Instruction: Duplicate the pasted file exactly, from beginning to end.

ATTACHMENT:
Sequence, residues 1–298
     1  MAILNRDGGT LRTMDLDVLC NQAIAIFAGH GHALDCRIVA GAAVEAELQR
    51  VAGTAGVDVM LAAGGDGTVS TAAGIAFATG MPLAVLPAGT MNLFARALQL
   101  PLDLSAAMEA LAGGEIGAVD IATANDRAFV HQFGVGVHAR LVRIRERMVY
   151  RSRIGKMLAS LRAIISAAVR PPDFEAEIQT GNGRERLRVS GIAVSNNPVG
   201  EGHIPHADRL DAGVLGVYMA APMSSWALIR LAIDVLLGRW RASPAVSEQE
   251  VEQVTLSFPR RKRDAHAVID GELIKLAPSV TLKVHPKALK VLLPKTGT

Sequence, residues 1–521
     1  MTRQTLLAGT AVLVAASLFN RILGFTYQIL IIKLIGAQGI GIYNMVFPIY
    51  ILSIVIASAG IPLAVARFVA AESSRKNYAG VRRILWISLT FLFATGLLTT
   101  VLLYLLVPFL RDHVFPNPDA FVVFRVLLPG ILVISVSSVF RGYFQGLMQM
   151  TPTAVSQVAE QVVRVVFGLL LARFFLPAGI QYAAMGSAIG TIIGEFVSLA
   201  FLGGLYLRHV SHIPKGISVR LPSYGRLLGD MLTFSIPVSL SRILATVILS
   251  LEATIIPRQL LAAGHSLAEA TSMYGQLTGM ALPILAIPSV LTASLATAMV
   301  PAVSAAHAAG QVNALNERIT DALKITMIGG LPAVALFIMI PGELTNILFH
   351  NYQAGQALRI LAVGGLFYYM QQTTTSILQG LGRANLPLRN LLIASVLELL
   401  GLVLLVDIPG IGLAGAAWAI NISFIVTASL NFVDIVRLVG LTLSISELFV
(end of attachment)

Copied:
Sequence, residues 1–298
     1  MAILNRDGGT LRTMDLDVLC NQAIAIFAGH GHALDCRIVA GAAVEAELQR
    51  VAGTAGVDVM LAAGGDGTVS TAAGIAFATG MPLAVLPAGT MNLFARALQL
   101  PLDLSAAMEA LAGGEIGAVD IATANDRAFV HQFGVGVHAR LVRIRERMVY
   151  RSRIGKMLAS LRAIISAAVR PPDFEAEIQT GNGRERLRVS GIAVSNNPVG
   201  EGHIPHADRL DAGVLGVYMA APMSSWALIR LAIDVLLGRW RASPAVSEQE
   251  VEQVTLSFPR RKRDAHAVID GELIKLAPSV TLKVHPKALK VLLPKTGT

Sequence, residues 1–521
     1  MTRQTLLAGT AVLVAASLFN RILGFTYQIL IIKLIGAQGI GIYNMVFPIY
    51  ILSIVIASAG IPLAVARFVA AESSRKNYAG VRRILWISLT FLFATGLLTT
   101  VLLYLLVPFL RDHVFPNPDA FVVFRVLLPG ILVISVSSVF RGYFQGLMQM
   151  TPTAVSQVAE QVVRVVFGLL LARFFLPAGI QYAAMGSAIG TIIGEFVSLA
   201  FLGGLYLRHV SHIPKGISVR LPSYGRLLGD MLTFSIPVSL SRILATVILS
   251  LEATIIPRQL LAAGHSLAEA TSMYGQLTGM ALPILAIPSV LTASLATAMV
   301  PAVSAAHAAG QVNALNERIT DALKITMIGG LPAVALFIMI PGELTNILFH
   351  NYQAGQALRI LAVGGLFYYM QQTTTSILQG LGRANLPLRN LLIASVLELL
   401  GLVLLVDIPG IGLAGAAWAI NISFIVTASL NFVDIVRLVG LTLSISELFV